Professor Ian Young said more scientific evidence on the pandemic will be published on the Department of Health website.

"I think it is important that we make as much evidence available to the public," he said.

"This is just the beginning, we will be adding a great deal more to the evidence as new evidence emerges."

Prof Young said much focus has been on one summary document, and urged that it is not looked at in isolation but to "look at the totality of the evidence".

He said small changes to the R number become "particularly acute when R gets close to 1".

"R at present is at 1.4, we need it to fall to below 1, to at least 0.9 and preferably 0.7," he said.

"Individual interventions may have a small impact on R but we need to take all of the interventions we can get because it is the collective impact which is going to count.

"Small changes in R are really important as we try to combat the course of this epidemic. Everyone who can contribute something to reducing R is making a real difference to what will happen in the future."

Chief social worker Sean Holland said outbreaks in care homes are rising and also becoming more extensive.

"Care homes are not islands or fortresses, they are part of the community, so when Covid rates increase in that community the threat to care homes increases," he said.

Mr Holland said there are difficult choices to be made in relation to care homes, and risks to be balanced.

"On no issue is this more true than in relation to visiting," he said.

"I fully understand the calls for greater relaxation to visiting restrictions, but at the same time I hear demands for a ring of steel to be placed around homes, effectively locking residents in for their own good.

"We must protect life but we must also protect the quality of life. Many care home residents are living through the last chapter of their lives - to condemn them to do so in total isolation from those that they love and who love them cannot be a situation that we accept for an extended period of time. A balance has to be achieved but that is incredibly difficult."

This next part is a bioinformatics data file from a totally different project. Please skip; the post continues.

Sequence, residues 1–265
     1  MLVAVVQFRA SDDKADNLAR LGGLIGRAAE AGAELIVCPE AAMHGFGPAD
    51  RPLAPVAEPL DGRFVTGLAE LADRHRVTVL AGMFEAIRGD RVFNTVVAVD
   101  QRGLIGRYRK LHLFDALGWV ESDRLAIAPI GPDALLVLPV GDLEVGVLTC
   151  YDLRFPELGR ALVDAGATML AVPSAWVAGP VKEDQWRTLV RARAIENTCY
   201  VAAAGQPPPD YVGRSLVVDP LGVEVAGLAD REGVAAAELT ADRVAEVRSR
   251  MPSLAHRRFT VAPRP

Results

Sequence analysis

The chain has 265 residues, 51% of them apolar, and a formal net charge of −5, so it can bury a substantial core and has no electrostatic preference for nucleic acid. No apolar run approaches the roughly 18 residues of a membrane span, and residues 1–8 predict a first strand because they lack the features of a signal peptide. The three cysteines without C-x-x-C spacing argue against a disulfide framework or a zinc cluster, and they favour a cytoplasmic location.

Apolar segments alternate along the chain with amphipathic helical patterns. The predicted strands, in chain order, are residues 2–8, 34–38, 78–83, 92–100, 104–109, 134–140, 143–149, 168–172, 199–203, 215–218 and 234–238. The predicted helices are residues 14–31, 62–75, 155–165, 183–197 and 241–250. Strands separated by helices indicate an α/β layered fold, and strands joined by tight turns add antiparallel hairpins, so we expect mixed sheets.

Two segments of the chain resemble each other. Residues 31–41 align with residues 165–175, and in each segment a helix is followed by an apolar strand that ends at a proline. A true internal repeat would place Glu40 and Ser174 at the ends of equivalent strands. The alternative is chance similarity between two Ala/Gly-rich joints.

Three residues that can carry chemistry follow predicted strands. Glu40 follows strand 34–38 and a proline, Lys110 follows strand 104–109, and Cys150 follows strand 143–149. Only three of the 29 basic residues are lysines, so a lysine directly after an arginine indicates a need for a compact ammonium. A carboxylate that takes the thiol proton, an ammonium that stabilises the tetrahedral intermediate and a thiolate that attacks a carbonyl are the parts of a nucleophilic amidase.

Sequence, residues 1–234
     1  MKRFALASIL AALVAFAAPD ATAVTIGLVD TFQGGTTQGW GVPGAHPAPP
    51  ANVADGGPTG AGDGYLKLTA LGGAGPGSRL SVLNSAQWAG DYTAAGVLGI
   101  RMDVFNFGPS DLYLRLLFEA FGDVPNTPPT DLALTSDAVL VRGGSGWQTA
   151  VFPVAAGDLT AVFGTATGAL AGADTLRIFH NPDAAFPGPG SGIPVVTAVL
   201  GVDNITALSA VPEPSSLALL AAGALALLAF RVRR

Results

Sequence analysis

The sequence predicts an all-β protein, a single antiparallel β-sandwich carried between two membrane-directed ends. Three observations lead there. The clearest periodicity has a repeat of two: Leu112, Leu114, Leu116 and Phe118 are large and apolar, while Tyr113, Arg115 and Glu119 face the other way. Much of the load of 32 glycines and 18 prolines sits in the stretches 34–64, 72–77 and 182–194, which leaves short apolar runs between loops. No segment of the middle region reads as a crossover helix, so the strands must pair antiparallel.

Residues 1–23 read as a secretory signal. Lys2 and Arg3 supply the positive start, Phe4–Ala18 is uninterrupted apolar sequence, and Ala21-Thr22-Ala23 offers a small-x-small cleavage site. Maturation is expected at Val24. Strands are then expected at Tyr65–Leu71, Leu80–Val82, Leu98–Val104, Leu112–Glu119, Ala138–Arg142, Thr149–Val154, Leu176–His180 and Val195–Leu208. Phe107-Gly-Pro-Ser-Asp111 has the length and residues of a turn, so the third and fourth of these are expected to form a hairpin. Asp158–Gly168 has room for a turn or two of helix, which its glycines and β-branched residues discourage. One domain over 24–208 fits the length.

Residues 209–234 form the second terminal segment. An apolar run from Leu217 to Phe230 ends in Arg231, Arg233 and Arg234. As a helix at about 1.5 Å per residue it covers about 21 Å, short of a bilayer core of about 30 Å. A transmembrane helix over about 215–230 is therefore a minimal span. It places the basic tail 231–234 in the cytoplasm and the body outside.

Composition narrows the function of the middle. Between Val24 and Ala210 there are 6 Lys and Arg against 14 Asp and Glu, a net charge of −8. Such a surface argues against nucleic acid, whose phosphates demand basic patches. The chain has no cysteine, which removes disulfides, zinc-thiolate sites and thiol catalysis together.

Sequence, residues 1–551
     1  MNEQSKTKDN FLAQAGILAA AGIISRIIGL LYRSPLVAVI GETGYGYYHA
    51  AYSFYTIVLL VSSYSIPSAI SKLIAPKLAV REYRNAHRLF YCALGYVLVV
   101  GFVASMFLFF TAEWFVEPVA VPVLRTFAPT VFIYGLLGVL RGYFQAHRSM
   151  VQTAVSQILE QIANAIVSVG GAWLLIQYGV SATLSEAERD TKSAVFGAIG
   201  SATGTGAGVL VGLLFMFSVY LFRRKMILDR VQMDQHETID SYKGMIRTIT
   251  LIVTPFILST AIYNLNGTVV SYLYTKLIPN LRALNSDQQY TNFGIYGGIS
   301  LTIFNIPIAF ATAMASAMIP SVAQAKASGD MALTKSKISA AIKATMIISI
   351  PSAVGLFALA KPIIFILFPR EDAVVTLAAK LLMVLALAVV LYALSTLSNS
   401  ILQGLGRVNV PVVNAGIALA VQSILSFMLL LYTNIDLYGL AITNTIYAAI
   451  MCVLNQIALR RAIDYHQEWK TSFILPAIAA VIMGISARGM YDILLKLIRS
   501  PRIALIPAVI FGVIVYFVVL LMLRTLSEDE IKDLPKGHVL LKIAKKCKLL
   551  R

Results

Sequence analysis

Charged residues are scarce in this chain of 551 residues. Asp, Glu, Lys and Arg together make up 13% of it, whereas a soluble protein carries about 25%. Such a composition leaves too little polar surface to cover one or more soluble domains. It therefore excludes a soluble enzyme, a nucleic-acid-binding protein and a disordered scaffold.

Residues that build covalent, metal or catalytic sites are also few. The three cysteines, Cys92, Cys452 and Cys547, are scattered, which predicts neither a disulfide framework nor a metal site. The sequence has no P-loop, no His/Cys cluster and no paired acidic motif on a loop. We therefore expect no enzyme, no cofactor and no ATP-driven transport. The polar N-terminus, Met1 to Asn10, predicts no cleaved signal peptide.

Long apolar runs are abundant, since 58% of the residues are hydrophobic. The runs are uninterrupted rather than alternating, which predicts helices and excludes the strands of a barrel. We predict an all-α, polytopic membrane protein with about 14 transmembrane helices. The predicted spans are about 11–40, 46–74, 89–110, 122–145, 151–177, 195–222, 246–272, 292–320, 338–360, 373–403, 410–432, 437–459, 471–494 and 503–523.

Mr Holland said that while there had been a drop in referrals to children's services during lockdown, referrals have now exceeded pre-pandemic levels.

"There has also been an increase in the number of children in care - 75 more children in care on October 19 compared with September 13 2019," he said.

Mr Holland said there are also more children on the child protection register, up 113 on December 31 2019.

"Referrals to children's services were greater during the pandemic than when compared with last year and are continuing on an upward trajectory," he said.

"I know a lot of the public commentary about children and young people has been about behaviour. But the real story is that Covid, and the measures we have to take to contain it, have put vulnerable children and families under increased pressure. Economic pressure, certainly, and also the pressures of being in lockdown.

"Families with children with a disability have had been particularly hard hit, partly by the closure of special schools and the loss of services.

"We also know that young care-experienced people are at higher risk of social isolation and mental ill health, and restrictions have been particularly difficult for them."

He said the Department of Health has been involved in the development of a plan for vulnerable children which is out for consultation.

Read more: Edwin Poots refuses to apologise for Catholic coronavirus comments, saying 'bad behaviour' spreads the virus